As a relatively new approach, IBCM exemplifies the challenges faced when implementing One Health (59), with lessons that could be applied to other complex zoonotic diseases. Integrated One Health approaches are vital for tackling both endemic and emerging zoonoses, and for antimicrobial resistance (60, 61). Strengthening surveillance systems in LMICs for endemic diseases, such as rabies, builds foundations to address emerging zoonotic diseases like COVID-19 (62). Formalizing One Health approaches through intersectoral government bodies, including joint budgets and policies, can help to overcome institutionalized/structural barriers (61, 62). Yet, like IBCM, varying perceptions about the concept of ‘One Health’ make it difficult to standardize the operationalization of these approaches in both high-income countries and LMICs (63, 64). These challenges are amplified by the lack of sustainability of funding and infrastructure that are exacerbated in LMICs. This study emphasizes the need for more implementation research to improve and understand IBCM program delivery and policies (65). In recent years, such studies have helped strengthen the gap between knowledge and real-world action for a variety of neglected tropical diseases (65, 66). Future research exploring the knowledge-practice gaps of implementing IBCM could improve the cost-effective roll out of IBCM and provide a potential example for other One Health interventions.
There are some limitations in this study. One-hour interviews provided limited time to discuss perspectives of and experiences with IBCM. For broader comprehension about the implementation and adaptation of IBCM, more in-depth qualitative research is required (e.g., ethnographic participant observations, development of program theory) (54). Caution is required regarding interpretation over the study’s reliability, as it was not designed to be representative for IBCM programs or specific regions/countries. Most participants had a background in veterinary medicine and/or research, and representation from the medical sector was lacking. Future research including the perspectives of clinicians and public health experts would be beneficial, however, it should be noted that there is relatively little involvement of medical professionals leading One Health programs for rabies. The logic model of IBCM (Figure 2) serves as a template, but does not fully describe the complexity of IBCM and how that relates to different contexts. Moreover, the programs included varied in maturity, from a decade in Bali, Indonesia (2011) to programs still in development, limiting direct comparison. Nevertheless, this study covered a wide scope of perspectives, work experience, epidemiological contexts (from elimination to high endemicity), and geographies. Hence, the study is a valuable step towards discovering lessons about this approach and for understanding how One Health can be operationalized to achieve dog-mediated rabies elimination.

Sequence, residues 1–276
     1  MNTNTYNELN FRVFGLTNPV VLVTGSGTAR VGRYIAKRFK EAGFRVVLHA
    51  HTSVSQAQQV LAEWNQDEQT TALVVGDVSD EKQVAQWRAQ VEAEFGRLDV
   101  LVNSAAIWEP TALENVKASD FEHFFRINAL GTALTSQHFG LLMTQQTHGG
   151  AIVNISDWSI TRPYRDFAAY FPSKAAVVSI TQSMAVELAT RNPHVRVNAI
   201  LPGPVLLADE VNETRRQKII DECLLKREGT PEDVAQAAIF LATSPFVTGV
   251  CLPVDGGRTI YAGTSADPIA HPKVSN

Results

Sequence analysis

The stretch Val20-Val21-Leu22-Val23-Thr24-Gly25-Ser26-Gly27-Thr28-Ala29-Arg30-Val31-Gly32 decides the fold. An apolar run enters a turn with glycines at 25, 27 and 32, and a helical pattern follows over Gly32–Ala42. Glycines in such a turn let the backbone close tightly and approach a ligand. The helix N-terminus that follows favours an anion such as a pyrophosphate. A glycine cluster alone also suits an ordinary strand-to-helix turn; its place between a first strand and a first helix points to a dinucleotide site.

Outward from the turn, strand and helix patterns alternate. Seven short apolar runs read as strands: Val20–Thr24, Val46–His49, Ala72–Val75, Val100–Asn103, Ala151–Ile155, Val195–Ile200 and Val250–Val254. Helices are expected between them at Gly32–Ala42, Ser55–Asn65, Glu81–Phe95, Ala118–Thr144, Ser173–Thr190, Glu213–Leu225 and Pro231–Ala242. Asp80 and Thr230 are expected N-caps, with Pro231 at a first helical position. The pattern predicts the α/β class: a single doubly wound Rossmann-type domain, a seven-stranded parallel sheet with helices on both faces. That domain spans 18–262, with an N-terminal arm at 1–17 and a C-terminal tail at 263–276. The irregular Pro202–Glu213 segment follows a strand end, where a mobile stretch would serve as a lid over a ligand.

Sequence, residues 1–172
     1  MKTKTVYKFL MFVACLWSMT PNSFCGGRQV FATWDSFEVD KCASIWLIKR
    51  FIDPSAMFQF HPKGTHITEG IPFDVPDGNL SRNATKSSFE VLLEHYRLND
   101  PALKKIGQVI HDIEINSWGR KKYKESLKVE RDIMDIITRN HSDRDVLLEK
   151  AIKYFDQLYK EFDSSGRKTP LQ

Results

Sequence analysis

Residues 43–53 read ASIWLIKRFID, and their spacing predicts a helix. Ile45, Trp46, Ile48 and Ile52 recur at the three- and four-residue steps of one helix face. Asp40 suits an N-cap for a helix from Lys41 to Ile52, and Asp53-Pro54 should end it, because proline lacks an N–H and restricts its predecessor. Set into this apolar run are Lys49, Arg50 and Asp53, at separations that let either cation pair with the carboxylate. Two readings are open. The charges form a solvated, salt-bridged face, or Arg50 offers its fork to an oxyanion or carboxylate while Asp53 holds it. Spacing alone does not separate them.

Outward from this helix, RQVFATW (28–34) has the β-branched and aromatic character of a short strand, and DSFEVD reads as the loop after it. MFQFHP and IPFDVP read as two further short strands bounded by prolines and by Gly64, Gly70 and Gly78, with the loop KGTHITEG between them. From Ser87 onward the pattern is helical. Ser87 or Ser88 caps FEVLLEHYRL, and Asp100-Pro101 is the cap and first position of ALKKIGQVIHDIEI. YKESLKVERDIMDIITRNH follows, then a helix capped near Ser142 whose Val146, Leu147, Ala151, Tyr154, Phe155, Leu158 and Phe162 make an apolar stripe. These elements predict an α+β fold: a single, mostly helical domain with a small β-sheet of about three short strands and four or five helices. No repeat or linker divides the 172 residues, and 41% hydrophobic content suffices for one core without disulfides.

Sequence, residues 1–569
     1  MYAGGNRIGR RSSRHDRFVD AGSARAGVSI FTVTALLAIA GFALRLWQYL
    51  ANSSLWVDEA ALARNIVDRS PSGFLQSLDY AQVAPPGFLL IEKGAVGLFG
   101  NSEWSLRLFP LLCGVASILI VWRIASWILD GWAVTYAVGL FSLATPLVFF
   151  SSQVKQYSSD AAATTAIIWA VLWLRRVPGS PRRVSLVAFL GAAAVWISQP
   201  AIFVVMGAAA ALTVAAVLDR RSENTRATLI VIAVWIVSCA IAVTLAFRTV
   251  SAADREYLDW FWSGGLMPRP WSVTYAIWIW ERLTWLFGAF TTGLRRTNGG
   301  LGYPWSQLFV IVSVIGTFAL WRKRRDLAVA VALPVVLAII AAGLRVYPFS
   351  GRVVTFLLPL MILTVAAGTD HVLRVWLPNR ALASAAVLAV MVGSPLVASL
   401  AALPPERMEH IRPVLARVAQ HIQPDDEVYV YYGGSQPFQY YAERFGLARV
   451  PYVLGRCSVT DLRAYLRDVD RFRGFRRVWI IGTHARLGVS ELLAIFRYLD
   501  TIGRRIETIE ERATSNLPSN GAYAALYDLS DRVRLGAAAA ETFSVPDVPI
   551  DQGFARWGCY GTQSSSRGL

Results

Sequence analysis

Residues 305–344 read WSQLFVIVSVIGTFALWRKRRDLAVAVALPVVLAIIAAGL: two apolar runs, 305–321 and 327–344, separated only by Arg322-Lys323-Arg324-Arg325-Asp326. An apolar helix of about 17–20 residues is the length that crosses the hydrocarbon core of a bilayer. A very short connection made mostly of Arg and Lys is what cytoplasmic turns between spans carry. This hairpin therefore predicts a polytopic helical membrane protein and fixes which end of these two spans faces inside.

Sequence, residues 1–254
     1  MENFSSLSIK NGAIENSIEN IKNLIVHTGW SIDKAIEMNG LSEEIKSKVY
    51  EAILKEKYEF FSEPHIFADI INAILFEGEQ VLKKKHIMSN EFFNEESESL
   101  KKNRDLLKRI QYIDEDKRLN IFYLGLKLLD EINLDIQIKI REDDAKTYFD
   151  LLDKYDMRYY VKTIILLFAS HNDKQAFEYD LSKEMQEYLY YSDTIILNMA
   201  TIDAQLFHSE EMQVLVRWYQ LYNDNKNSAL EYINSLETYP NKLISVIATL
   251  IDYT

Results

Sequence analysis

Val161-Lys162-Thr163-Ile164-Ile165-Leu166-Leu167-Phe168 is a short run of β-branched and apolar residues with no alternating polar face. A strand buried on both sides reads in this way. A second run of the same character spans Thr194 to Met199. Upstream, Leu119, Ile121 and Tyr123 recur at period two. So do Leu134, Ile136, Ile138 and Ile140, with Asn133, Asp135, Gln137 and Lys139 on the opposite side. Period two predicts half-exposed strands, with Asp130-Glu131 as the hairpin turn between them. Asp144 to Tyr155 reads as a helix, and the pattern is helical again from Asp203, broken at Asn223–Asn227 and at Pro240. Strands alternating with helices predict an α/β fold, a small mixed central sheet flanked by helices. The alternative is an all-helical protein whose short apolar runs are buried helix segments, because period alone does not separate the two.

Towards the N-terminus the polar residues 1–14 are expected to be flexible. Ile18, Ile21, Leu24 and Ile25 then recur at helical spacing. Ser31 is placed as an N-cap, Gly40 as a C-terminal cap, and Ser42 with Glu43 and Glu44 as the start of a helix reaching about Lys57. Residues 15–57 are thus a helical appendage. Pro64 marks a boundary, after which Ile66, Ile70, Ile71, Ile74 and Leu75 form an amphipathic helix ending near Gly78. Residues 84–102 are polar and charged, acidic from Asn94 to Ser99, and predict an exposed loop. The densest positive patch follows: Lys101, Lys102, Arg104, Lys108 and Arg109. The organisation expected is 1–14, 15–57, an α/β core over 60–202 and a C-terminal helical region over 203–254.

We conclude with preliminary recommendations to support the design and implementation of IBCM programs keeping sustainability in mind. As the only endemic zoonosis with an official elimination goal set by the WHO, rabies should be prioritized and funded to support hiring of staff and implementation of control programs (15). A One Health approach to surveillance should be implemented in all endemic countries at any stage of their control program as this is the most targeted way to identify rabid animals. Many existing reporting systems for rabies are not fit-for-purpose for surveillance and provisioning of PEP. Surveillance systems are often siloed and do not consider the risk of the biting animal or recognize the value of risk assessments, leading to uninformed administration of PEP. In response, IBCM has been developed as a cost-effective approach to address these weaknesses (18). However, current structures within governments, policies, and ways of working pose barriers to introducing IBCM. To successfully and sustainably implement IBCM, there needs to be consideration for how governments and policy can be updated to better facilitate multisectoral, interdisciplinary approaches generally (67). It is imperative that each program is tailored to the context of the country/region where it will be implemented, with careful consideration of context during development, implementation, and evaluation (53). Lastly, the joint involvement and ownership of government authorities from all relevant sectors, local stakeholders, and the community is essential for the effective development and adoption of IBCM protocols (68, 69).
Data Availability Statement
Data supporting the conclusions of this article will be made available on request due to privacy/ethical restrictions.